November 15, 2016 Workshop
“Integrated and Designated English Language Development (ELD): What Does it Really Look Like?” … Read More.
Study of Year 2 Local Control Accountability Plans (LCAPs) Reveals a Weak Response to the Needs of English LearnersApr | 2016
Report on 2nd Year of LCAPs Calls for the State, Districts and County Offices of Education to Make the Remaining Years of LCFF about Closing Gaps and Raising Levels of Language and Academic Growth
SACRAMENTO, Calif. (April 5, 2016) – A second report that reviewed the Local Control Accountability Plans (LCAPs) of 29 key school districts throughout the state, and the impact those LCAPs are having on English Learner students, was released today by Californians Together. This report is a follow-up to the year 1 report released in May 2015 and serves to document the key differences between first and second-year LCAPs in demonstrating increased or improved services to English Learners.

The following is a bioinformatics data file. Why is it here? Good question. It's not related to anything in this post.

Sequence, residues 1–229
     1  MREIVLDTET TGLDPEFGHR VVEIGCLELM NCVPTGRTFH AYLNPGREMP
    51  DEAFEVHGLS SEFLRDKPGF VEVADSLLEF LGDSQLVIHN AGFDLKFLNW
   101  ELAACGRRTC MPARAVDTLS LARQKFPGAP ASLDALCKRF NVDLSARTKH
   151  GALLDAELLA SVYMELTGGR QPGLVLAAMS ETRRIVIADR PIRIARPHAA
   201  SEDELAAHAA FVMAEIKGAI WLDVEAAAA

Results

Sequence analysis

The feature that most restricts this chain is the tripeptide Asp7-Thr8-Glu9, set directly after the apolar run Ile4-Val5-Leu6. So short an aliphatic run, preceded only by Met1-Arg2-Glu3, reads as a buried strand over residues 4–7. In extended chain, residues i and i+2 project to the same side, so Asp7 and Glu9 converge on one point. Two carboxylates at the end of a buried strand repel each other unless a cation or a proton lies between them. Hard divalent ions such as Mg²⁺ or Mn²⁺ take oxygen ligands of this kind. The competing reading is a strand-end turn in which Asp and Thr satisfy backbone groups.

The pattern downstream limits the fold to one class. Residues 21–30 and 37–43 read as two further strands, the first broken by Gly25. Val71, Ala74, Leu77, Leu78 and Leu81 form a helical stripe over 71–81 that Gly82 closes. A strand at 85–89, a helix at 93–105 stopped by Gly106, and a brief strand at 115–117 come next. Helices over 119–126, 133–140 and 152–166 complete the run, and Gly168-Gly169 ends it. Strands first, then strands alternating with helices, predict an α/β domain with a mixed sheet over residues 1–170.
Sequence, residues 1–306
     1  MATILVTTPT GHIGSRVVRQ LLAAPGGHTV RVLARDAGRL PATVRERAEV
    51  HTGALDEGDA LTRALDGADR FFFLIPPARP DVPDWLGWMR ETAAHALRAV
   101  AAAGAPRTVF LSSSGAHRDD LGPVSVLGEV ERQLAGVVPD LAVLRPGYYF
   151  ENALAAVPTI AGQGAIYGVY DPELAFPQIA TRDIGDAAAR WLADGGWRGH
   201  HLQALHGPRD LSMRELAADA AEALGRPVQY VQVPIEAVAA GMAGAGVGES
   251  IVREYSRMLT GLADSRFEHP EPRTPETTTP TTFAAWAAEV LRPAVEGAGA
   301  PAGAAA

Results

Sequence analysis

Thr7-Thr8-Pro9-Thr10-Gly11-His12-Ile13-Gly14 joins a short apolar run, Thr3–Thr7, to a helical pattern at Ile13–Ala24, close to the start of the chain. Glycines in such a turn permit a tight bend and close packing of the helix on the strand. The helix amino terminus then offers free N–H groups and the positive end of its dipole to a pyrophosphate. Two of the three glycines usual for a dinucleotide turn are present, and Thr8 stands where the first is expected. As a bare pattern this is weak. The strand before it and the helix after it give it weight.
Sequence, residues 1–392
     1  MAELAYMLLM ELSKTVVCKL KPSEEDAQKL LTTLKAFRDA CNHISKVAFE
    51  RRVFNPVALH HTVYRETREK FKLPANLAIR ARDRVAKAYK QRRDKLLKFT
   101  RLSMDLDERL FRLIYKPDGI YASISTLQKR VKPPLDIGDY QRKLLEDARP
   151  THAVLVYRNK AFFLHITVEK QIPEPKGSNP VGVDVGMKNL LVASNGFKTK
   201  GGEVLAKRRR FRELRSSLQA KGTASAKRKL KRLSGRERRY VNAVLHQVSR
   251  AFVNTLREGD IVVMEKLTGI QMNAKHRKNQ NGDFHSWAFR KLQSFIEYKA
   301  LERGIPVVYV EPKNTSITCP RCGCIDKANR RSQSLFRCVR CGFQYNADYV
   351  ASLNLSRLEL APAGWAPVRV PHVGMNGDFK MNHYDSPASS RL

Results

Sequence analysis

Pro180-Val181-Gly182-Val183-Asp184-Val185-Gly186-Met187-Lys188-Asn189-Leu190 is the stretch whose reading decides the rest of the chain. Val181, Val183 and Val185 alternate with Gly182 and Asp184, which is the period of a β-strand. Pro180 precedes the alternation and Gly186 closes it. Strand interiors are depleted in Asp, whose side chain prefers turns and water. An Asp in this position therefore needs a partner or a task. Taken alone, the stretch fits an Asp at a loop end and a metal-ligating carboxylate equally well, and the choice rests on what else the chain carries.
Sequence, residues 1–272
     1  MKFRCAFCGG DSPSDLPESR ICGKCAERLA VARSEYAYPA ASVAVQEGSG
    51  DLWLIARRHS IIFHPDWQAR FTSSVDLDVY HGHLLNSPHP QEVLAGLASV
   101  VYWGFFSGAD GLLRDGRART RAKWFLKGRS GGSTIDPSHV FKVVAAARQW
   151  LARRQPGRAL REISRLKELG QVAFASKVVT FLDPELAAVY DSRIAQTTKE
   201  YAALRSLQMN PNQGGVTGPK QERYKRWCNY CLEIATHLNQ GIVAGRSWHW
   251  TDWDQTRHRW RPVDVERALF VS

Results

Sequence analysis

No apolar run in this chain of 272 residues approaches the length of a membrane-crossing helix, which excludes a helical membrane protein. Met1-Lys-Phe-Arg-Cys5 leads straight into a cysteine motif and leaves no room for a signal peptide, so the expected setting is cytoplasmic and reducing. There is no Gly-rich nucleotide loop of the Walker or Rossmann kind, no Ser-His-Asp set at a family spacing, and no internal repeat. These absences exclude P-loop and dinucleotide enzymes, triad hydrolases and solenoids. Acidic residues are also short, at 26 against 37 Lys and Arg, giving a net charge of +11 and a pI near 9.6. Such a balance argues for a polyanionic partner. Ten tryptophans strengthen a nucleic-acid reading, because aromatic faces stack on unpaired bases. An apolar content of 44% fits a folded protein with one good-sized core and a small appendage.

Californians Together, in collaboration with the California Association for Bilingual Education (CABE), has developed the EL Leadership & Legacy Initiative (ELLLI) as a three year effort that will initially result in a group of nineteen new English Learner (EL) education advocates/leaders. These EL fellows will be equipped to advance proactive projects (such as the current biliteracy campaign), as well as to respond effectively to anticipated political challenges at state and local levels. In addition to the preparation of selected cohorts of new EL leaders, the project aims to make more widely available an EL leadership and legacy curriculum that can empower many other leaders at the local, regional and state levels. The project will draw on the perspectives of many senior EL leaders, and current advocates for ELs and will use a blend of whole group training insinuates, one-on-one coaching and mentoring and project based experiences. … Read More.
California is the First State in the Nation to Define and Identify English Learners who After Many Years are Struggling to SucceedDec | 2014
Sacramento: Three out of four (74%) English Learner students in grades 6 -12 have been in California schools for 7 years or more and are still without the English skills they need to succeed academically. Because this is longer than it should take to attain English proficiency, they are called “Long Term English Learners” (LTELs). The numbers compiled by the California Department of Education for the first time by any state in the nation, is part of an effort to ensure these students get the educational support they need. … Read More.